But Partner are still down for the fun times. On album highlight “Big Gay Hands,” a banger surely destined to make waves at your local queer club once they open their doors again (whenever that is), the pair tell a raucous story about spotting a hottie playing pool across a bar, and exactly what they’d like those big gay hands to do next. 

The bond between Simone TB on drums and Niles on bass sounds as natural as years touring together should. Their rhythm section creates endlessly inventive grooves so that the classic rock sound adored by Partner never grows tired. Recipients of the prestigious SOCAN Songwriting Prize in 2018, the band are obviously keen to show us their chops in a wide range of writing styles. Tracks like “Here I Am World” offers a window into a more syncopated, playful world reminiscent of “Always Like This” by indie rockers Bombay Bicycle Club, while “Good Place to Hide (At the Time)” conjures the epic soft rock of Fleetwood Mac. 

Listening to “Never Give Up” can often feel like viewing the world from a great height, aided by soaring pop choruses and a degree of rhythmic interplay that is constantly surprising. Lyrically, too, Caron ponders feeling “alone on the tightrope that is my life” on “Here I Am World,” while on “Roller Coasters,” the pair warn us, “Better get used to roller coasters/Life is one/If you think it’s the end, it’s only begun.” And at this queer rock fairground, there are twists and turns, tempo changes and false endings aplenty; delicious moments where Caron shreds furiously until the rhythm section pulls out abruptly and time is suspended. But Partner are just playing with you. It’s not the end of the song. Your guts catch up with your feet and you keep riding.          

Also, when I say Caron can shred, I mean she can shred. The kind of fretboard fire that makes you lean back your head at a show, scrunch up your face and go “oooh” appreciatively under your breath. Favoring a Gibson 1969 SG instead of her Les Paul road dog, she skitters across the country-rock of Lynyrd Skynyrd, confidently dispatching sheer acrobatics comparable to AC/DC’s Back in Black and the fattest pentatonic riffage of Led Zeppelin, particularly on songs like “Crocodile.”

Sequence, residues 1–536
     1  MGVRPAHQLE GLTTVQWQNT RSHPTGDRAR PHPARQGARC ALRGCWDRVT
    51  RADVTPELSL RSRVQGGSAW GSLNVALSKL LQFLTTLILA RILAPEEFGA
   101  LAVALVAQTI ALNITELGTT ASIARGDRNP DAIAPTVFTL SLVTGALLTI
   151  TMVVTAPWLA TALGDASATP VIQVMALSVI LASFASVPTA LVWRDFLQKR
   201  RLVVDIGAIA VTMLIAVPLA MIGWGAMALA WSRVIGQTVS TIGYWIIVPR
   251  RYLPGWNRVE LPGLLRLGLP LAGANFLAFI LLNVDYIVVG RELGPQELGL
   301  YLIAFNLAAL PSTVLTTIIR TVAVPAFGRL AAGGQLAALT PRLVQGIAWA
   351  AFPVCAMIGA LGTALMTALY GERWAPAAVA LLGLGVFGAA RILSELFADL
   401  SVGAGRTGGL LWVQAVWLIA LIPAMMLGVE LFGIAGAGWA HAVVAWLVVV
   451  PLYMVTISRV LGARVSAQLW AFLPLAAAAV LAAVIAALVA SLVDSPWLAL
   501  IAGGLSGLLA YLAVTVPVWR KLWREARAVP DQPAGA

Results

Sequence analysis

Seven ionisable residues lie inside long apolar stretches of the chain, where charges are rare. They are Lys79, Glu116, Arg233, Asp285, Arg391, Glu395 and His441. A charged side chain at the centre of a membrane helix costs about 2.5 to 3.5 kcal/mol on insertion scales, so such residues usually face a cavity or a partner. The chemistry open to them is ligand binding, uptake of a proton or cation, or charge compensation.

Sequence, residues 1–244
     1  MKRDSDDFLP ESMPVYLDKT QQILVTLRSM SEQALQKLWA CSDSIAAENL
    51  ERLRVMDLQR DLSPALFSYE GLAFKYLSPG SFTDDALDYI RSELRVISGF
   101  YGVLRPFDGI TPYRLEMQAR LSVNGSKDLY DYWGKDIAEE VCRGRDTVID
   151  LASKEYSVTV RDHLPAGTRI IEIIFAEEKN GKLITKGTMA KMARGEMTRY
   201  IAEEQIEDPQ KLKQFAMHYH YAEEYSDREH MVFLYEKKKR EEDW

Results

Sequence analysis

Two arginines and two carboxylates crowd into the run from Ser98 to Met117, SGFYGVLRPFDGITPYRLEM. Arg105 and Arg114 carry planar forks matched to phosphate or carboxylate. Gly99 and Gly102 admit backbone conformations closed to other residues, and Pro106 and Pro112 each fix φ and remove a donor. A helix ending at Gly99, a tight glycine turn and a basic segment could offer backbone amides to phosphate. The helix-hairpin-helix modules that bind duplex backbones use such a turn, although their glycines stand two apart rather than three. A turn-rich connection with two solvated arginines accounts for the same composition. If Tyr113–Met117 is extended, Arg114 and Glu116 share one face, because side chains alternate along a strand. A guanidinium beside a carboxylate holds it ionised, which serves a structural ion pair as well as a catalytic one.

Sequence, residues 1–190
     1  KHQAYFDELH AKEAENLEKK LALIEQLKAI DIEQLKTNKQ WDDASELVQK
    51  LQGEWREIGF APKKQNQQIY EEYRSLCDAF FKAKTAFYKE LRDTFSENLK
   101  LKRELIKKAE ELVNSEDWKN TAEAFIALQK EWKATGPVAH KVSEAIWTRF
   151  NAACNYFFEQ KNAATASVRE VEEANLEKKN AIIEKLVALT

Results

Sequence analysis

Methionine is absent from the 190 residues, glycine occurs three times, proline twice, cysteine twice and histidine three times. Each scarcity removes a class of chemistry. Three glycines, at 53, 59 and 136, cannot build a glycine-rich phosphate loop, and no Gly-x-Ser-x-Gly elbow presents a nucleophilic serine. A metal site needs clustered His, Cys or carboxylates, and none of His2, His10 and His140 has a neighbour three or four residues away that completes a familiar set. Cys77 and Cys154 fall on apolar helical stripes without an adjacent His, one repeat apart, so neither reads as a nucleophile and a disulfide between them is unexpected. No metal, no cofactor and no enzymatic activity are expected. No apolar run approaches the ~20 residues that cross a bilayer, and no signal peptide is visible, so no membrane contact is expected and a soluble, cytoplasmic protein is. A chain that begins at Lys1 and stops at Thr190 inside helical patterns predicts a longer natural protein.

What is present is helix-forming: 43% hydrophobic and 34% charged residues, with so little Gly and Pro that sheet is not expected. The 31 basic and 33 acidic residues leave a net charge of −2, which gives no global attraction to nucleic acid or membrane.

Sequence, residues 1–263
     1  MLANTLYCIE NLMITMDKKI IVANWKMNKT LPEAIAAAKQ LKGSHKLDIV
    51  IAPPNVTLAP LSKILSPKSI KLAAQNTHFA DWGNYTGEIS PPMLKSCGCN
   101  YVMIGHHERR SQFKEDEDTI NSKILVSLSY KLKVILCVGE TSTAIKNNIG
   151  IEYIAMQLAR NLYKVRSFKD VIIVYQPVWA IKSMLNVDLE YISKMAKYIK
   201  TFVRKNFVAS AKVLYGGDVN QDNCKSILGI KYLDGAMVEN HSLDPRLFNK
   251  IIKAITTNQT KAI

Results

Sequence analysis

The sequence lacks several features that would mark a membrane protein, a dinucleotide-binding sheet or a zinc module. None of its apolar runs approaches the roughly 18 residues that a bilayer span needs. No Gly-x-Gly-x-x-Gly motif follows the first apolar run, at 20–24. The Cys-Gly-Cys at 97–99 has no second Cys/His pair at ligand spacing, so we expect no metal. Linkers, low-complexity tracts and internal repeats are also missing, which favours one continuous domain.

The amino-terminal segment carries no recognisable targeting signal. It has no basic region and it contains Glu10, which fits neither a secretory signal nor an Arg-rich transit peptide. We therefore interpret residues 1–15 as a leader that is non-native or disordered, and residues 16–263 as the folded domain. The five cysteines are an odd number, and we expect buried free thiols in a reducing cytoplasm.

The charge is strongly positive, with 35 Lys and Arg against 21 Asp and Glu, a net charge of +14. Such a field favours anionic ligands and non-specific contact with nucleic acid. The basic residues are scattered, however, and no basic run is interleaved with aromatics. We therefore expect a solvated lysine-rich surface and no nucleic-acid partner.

But rock’s not as simple as it may seem. Never Give Up also includes a song “Honey” that at least in part, is a commentary on the band’s experiences as female musicians, specifically Caron being constantly asked about her instrument by strangers (“Is that what I think it is?”). Guitar heroics aside, “Honey” is a powerful reminder that being a queer, female musician is never straightforward. It is a political act. 

A queer take on classic rock isn’t a new feat — just look at UK-based band Personal Best’s “classic rock for tragic lesbians.” But there’s space for both. On their excellent 2019 record What You At, Personal Best were catching feelings, but Partner are throwing a party instead. Hello and welcome.   

Dream Nails are a punk force to be reckoned with. The hotly-tipped band was founded by feminist activists in 2015, mixing unapologetically political content with pop punk joy. The female fourpiece have built a reputation across the UK, Europe and Scandinavia for their riotously feel good live shows.